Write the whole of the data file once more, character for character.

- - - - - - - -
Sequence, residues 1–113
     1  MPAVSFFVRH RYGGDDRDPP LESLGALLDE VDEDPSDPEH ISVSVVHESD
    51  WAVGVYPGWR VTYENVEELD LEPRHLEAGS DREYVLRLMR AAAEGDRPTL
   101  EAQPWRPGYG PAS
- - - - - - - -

Sequence, residues 1–113
     1  MPAVSFFVRH RYGGDDRDPP LESLGALLDE VDEDPSDPEH ISVSVVHESD
    51  WAVGVYPGWR VTYENVEELD LEPRHLEAGS DREYVLRLMR AAAEGDRPTL
   101  EAQPWRPGYG PAS